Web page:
The Washington Times-Herald

June 13, 2013

Carl Burris: First pharmacist

Blake Chambers
Washington Times-Herald

WASHINGTON — Two hundred and sixty years ago, a Philadelphia hospital became the first American hospital to hire a salaried apothecary - what we now commonly call a pharmacist. The year was 1752 and the job description read: “to prepare and compound the medicines and administer them agreeable to the prescriptions of the physicians and surgeons.”

The hiring was unusual, perhaps even ahead of its time as most hospitals in colonial America relied on physicians to dispense their own medicines, a tendency that persisted well into 20th Century. By the year 1960, it was estimated that only half of America’s hospitals employed a staff pharmacist.

Bucking that trend in 1951 however, then Daviess County Hospital hired local boy Carl Burris whose prescriptions must have been “agreeable” to a good many surgeons and physicians because he remained on the job for the next 36 years.



One of 11 children of Nora and Eugene Burris, Carl was born in Washington on March 1, 1925. After finishing grade school at Southside, he worked as a “soda jerk” at Williams Drugstore while in high school. He also served in the cadet corps and after graduating from WHS in 1943, Burris, like most young men his age at the time, joined the service.

“I graduated high school one week then left town the next,” he recalled.

Trained as a “turret mechanic,” Burris served in the Air Force during World War II, part of a ground crew on the island of Saipan where he serviced and loaded B-29 bombers. Burris remained in the Air Force after the war ended and has fond memories of loading food and clothing into B-29s that would then fly to mainland Japan and drop the supplies by parachute into POW camps where American servicemen were still being held.

His hitch in the military ended in 1946 and he returned to Washington. In those days he recalls, Williams Drugstore, “was the place to go. I walked in and Joe Williams saw me and welcomed me home and said, ‘Do you want a job?’” Burris said yes and was working as a soda jerk once again when he was approached sometime later by Joe Williams’ brother John who told Carl he should consider going to pharmacy school. Burris looked in to it, weighed his options, decided it was a good idea and eventually, at John Williams’ urging, selected Butler over Purdue.

With assistance from the GI Bill, Burris spent the next four years in Indianapolis studying to become a pharmacist. During his sophomore year at Butler, he married Eleanor James. While continuing his studies through the end of the 1940s, he worked part time at Kunkel Pharmacy in Indianapolis and after graduation worked a year as a fulltime pharmacist for Kunkel before returning with Eleanor to Washington in 1950.

His former employers and mentors at Williams Drugstore had ample pharmacists in 1950, “so I went up to the old Lindeman Pharmacy and I asked Bob Fox if he needed a pharmacist and he took me on.”

Burris went on to explain that it was actually called “Fox Drugs” after Bob Fox took it over, but it had always been called “Lindeman’s Drugs” when he was in high school. His starting pay at Fox Drugs was $2 an hour.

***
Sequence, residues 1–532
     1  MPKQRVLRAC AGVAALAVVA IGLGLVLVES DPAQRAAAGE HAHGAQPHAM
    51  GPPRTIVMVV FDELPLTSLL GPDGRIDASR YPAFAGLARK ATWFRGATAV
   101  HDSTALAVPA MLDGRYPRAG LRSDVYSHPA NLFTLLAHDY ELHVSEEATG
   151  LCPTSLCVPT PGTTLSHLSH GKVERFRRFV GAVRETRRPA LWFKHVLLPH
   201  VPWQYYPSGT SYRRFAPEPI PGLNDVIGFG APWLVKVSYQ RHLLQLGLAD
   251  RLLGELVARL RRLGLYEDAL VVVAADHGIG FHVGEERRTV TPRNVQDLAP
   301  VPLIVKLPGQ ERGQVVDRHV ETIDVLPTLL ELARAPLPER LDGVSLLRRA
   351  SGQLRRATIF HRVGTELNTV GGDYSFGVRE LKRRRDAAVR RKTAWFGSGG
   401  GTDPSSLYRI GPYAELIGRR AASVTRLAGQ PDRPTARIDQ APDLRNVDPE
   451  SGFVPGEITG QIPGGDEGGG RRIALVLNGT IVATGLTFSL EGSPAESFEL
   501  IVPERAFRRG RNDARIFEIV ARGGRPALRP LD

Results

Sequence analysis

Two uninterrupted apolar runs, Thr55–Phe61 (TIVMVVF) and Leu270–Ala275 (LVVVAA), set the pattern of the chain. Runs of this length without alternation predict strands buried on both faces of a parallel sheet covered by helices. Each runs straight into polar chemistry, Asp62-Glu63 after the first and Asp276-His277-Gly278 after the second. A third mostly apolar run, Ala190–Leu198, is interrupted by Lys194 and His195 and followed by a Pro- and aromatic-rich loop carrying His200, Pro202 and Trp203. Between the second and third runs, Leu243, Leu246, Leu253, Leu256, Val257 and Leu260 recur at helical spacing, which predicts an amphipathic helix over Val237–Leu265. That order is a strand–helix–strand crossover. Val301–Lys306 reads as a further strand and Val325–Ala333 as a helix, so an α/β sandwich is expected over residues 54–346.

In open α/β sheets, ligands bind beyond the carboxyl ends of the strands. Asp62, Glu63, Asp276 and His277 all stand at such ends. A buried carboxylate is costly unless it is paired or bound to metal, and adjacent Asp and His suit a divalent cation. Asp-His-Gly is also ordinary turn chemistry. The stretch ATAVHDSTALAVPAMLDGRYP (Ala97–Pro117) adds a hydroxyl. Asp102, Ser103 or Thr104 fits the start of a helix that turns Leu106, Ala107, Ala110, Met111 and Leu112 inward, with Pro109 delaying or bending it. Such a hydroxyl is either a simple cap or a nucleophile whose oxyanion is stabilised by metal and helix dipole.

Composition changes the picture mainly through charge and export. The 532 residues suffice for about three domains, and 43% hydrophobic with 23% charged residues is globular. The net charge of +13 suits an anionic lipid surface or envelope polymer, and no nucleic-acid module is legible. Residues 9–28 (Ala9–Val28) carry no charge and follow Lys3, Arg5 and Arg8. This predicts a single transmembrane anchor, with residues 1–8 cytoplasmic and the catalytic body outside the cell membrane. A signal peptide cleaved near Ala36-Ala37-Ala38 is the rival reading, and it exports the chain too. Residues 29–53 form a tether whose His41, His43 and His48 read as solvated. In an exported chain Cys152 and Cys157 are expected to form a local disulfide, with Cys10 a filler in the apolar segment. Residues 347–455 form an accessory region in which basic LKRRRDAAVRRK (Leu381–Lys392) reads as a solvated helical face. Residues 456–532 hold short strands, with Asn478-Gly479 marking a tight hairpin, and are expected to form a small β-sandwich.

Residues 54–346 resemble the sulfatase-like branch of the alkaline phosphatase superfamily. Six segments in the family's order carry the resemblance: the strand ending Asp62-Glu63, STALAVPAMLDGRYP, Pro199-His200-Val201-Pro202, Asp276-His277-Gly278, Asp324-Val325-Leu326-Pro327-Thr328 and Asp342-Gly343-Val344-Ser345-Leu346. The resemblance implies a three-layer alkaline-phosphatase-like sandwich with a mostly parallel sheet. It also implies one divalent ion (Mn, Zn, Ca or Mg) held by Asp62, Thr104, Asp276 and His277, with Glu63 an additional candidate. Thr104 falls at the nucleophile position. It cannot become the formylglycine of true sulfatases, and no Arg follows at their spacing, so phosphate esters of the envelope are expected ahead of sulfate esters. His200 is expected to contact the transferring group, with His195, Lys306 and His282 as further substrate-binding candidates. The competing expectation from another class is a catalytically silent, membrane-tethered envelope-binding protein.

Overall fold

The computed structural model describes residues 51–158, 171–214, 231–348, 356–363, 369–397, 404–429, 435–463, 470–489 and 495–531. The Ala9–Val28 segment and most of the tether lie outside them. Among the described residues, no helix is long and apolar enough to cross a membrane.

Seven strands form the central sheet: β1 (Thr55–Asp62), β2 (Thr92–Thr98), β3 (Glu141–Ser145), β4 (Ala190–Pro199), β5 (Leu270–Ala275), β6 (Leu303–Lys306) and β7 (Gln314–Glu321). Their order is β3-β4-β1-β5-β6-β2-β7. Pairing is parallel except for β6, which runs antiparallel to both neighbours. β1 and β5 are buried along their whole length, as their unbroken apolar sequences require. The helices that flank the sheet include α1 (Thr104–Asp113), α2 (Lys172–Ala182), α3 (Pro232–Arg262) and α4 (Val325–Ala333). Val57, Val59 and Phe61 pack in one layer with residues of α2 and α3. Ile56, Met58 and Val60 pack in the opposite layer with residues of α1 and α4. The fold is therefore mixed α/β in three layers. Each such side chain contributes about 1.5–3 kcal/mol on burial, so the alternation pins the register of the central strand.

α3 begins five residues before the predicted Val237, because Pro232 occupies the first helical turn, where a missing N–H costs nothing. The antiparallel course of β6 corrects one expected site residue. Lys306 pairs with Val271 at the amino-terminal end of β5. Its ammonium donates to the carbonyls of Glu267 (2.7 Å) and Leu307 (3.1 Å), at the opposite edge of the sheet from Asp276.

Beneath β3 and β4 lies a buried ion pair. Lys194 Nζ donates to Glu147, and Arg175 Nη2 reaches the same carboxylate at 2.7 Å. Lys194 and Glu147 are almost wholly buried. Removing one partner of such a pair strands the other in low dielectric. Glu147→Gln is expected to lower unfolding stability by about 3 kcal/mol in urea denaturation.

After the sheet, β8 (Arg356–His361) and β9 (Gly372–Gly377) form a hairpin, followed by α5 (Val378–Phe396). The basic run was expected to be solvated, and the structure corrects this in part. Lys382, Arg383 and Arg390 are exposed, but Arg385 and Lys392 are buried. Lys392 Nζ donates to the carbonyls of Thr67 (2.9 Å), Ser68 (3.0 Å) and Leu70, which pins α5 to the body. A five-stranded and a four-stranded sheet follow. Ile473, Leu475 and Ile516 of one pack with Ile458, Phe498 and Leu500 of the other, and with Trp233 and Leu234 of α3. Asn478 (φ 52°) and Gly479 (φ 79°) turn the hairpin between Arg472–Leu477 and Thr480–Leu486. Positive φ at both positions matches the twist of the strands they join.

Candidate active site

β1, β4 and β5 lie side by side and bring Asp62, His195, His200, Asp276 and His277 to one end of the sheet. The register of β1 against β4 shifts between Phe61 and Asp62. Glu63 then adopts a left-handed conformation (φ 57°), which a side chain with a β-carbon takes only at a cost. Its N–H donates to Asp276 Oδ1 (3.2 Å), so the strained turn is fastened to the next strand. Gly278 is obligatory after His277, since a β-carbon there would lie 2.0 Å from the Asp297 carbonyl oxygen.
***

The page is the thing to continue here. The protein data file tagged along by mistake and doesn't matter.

Burris had been working at Fox Drugs for a little over a year when “one day a couple of board members walked in and said, ‘Mr. Burris, we’re interested in getting a pharmacist for the hospital.’”  Hospital work had interested Carl since his days at Butler so the offer was attractive despite the fact the hospital could not afford to pay him more than the $2 an hour he was already making at Fox.

Olive DeHart was the hospital’s chief administrator at the time and according to Burris “she and the supervisor of nurses had to take care of the drugs in the hospital and that took up most of their time. They needed somebody that was able to do it full time.”

So in November 1951, almost 200 years after Philadelphia’s Pennsylvania Hospital hired the first documented hospital pharmacist in America, Burris became the first staff pharmacist at DCH.

He remembers the doctors on staff at the time were for the most part men much like him, returning servicemen, many with strong local ties.

From what he describes as “a little room in the basement,” he dispensed medicines for among others, Dr. Jack McKittrick, Dr. E.B. Smoot, Dr. Bob Rang, Dr. Don Sears, Dr. Horace Norton, Dr. Robert Fraser; Dr. Williams Schafer, Dr. Vance Chattin, Dr. H.B. Lindsay, Dr. H.E. Blazey, Dr. H.R. Schroeder and Dr. Jack Farris.

For many years Burris was, as he describes it, ”the only one.  On call 24 hours a day, seven days a week.  And I worked four hours Saturday mornings and I always came in on Sunday mornings.” Late in his tenure at DCH, the administration hired an aide to assist him, but if someone needed something in the middle of the night, Burris was still the man they called.

Computers arrived on the scene in the 1980s and he admits, “I was not computer educated.” As the decade progressed, Burris put the administration on notice that they “would have to find a new pharmacist to work the computers.”

After 36 years on the job, Burris retired on March 1, 1987.  Despite some heart problems suffered after he left the hospital, Carl passes his time these days riding his bicycle around Daviess and neighboring counties, and visiting with his six children, 12 grandchildren, and 14 great-grandchildren.